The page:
But one of the neatest ideas I learned some time ago is the “daily 20 minute 1 on 1 rule”.  If I can at least get in 20 minutes every day of uninterrupted, unrushed, meaningful interaction where he has my full attention, then I feel accomplished.  A lot more accomplished than if he had played with expensive toys all day long.  Some days I can do more, some days I make it to bed and realize I couldn’t get it. But at least knowing that I’m mindful of it puts my heart at peace.  I know there is a place for toys.  And I also use them sometimes; otherwise I couldn’t get anything done around the house! And I also know that either incidentally or eventually he would get more and more into playing with artifact as he gets older. Maybe one day he’ll like to play with robots as His daddy does, or something else.  I know that there may be a time where he wouldn’t find me as appealing as a play mate as now…and I know that I will miss that. So for now, I’ll be it!

So what do you guys think, do I look smart?

Yes I do! Especially when I'm next to daddy!

3.  Learning is a natural experience:

So just 20 minutes of free play with a rock and he learned that objects make different sounds when falling on different grounds, He also learned that the more strength he applies to his throw the higher the rock went, etc. No kidding, when we came back he started playing with his balls at home more purposely.  I know I have to work on preventing broken windows! I know. Working on it! But this rock was really a talker. It confirmed even more that children learn naturally without much rigorous planning or tedious structure.  They are happily absorbing the world and finding out how it works. That’s their primary job.  And as an over-controller freak in recovery, this gives me lots of peace of mind.  Such a timely insight as we go thru the process of learning about home education.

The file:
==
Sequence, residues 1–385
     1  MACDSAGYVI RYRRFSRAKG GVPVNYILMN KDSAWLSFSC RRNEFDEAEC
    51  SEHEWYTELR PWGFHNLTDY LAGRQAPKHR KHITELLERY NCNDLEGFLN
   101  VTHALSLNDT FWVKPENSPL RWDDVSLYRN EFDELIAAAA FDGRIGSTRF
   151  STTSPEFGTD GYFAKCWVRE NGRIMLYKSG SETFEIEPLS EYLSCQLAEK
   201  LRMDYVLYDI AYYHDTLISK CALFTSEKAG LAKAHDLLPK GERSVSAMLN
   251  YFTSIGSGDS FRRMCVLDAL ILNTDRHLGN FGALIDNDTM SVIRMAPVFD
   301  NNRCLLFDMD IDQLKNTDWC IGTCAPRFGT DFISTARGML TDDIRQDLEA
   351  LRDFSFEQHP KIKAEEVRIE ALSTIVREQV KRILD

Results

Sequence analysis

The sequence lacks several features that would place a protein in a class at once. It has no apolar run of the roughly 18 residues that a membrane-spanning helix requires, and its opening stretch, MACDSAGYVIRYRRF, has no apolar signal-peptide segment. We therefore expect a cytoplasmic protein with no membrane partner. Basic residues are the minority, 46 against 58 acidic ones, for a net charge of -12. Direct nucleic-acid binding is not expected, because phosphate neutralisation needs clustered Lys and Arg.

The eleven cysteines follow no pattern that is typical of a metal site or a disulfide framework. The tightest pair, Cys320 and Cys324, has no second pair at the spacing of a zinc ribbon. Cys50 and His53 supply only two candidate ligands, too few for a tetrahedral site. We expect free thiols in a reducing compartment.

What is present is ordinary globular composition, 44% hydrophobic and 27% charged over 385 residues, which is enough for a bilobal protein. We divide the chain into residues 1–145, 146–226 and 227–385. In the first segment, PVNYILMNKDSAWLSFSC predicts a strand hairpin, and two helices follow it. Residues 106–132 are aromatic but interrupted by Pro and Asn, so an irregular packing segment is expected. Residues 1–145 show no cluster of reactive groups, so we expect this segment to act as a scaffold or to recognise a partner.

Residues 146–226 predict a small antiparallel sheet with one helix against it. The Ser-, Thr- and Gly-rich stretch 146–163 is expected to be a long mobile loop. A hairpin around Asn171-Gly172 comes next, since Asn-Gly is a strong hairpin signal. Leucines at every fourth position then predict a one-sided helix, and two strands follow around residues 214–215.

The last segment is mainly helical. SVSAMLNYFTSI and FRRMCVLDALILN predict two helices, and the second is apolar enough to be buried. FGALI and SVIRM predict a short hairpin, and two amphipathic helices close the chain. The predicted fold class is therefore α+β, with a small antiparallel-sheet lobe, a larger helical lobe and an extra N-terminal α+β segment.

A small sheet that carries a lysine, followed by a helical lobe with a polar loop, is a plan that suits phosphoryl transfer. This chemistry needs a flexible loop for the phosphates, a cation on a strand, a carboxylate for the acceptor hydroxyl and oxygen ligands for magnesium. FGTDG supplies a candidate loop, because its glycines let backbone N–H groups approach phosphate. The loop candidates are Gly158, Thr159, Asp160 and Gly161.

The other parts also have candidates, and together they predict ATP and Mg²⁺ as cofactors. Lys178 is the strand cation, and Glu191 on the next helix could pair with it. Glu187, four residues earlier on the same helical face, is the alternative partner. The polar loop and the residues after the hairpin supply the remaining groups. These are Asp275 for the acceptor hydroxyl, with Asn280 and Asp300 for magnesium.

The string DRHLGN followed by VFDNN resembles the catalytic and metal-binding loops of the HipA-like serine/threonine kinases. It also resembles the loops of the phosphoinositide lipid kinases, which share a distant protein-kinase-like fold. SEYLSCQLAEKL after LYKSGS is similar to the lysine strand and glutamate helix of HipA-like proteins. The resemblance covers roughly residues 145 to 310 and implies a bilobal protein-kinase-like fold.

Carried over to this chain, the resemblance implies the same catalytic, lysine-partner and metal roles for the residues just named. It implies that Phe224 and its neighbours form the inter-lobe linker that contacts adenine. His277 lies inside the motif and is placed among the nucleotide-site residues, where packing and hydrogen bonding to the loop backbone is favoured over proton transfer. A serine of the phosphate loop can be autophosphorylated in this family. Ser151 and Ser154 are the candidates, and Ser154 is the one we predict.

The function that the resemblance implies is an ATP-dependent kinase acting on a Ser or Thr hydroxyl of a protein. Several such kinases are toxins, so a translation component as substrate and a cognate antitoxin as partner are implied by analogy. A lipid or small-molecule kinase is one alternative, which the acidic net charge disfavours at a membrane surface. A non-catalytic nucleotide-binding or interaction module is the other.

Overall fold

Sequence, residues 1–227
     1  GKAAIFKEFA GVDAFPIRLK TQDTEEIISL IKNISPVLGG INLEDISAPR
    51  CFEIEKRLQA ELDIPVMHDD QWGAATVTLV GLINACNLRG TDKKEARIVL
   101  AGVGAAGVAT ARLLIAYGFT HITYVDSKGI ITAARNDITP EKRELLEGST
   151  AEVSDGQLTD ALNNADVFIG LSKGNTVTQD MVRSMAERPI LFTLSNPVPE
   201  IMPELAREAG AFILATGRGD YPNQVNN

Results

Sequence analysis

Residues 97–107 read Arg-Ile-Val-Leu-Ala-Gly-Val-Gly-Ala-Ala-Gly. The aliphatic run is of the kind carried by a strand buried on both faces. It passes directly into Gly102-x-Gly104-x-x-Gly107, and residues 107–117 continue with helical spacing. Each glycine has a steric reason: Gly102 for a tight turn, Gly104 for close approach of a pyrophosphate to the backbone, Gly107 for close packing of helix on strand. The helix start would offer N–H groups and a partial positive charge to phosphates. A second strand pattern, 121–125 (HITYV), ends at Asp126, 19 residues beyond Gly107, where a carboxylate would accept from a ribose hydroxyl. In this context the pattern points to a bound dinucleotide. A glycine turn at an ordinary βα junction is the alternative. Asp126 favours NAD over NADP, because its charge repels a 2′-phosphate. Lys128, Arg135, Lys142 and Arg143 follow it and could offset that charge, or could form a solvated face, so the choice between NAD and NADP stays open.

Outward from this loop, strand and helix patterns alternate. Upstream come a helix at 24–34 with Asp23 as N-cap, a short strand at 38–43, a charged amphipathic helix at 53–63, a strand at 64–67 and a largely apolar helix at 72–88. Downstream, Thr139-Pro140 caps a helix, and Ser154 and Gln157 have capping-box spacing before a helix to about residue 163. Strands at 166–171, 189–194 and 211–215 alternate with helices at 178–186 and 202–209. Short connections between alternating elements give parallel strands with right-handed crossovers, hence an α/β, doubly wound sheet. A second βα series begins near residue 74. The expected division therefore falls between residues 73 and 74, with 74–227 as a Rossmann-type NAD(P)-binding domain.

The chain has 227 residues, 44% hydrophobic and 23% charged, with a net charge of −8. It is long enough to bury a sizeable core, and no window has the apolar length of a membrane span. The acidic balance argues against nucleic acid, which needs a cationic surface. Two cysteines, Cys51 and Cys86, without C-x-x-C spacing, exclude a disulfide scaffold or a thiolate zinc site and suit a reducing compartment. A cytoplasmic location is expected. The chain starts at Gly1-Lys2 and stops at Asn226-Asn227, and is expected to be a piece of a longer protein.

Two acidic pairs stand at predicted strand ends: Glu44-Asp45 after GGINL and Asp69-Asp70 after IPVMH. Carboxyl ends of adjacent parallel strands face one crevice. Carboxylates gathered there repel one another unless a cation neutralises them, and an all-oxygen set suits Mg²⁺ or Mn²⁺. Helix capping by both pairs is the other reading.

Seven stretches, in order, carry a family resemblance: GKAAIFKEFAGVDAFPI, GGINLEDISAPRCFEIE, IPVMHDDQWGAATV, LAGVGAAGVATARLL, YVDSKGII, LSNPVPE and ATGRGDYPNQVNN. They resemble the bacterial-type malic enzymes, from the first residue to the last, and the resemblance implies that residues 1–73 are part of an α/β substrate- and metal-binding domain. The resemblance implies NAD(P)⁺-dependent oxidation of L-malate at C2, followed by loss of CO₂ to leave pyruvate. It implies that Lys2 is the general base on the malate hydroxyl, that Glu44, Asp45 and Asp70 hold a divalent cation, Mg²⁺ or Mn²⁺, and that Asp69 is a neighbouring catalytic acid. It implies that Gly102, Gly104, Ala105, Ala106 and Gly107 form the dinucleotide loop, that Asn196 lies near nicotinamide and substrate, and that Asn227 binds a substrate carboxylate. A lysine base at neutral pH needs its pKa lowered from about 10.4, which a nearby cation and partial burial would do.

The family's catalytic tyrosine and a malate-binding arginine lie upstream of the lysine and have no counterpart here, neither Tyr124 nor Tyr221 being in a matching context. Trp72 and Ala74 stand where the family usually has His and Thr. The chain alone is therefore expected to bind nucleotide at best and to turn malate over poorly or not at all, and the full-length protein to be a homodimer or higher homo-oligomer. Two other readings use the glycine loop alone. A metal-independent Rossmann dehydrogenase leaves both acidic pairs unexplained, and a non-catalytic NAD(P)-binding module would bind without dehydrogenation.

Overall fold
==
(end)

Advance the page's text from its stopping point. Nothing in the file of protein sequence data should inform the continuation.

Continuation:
So mom, are you sure this is the best way to learn to play basketball?

We recently went to a Homeschooling conference where I was introduced with a little more detail to the education philosophy of Charlotte Mason.  And it seems like it goes somewhat on this direction. The Ambleside website, which is very helpful to understand her ideas says:  “Charlotte Mason felt that that children could and should learn by dealing with real things in their real world rather than an artificially manipulated environment.”  I don’t even want to dare to explain her teaching philosophy as I am just starting to learn about it, but I was recommended a good book as a starting point: For the children’s sake. I hope to learn lots from it as we learn more about different teaching approaches.

Ouch mom! This snake can really teach me about pain right?

For now I am enjoying the adventure of holding Garrick hands as he discovers his world. I am glad to know that my “facilitator/teacher” role will change during his learning years. But I know for sure that at this point no “Gymborees”, “ lab-schools” ,” creative play-times” or any other of these programs would make my child learn quicker.  My constant interaction with him and my giving him a natural rich environment with meaningful experiences will help him develop the skills and abilities that are naturally wired on him.  Naturally wired to develop at a very unique pace and way.  No need to rush anything.  No need to worry because he didn’t start walking as such and such age, or has uttered so many words by such time, or has been potty trained by 3. I know there are legitimate cases that justify further exploration of a delay. But before we get to that, let’s the children move freely within the natural gray-area of the development path.  Let’s give them the benefit of doubt grounded in their great developmental plasticity, before they’re labeled, before we let concern overwhelm us.  Let’s leave their little personalities blossom as we make the most of every natural teaching moment.  Let’s enjoy this wonderful gift of our mothering journey.  Let’s for now just enjoy listen  to the rocks talk!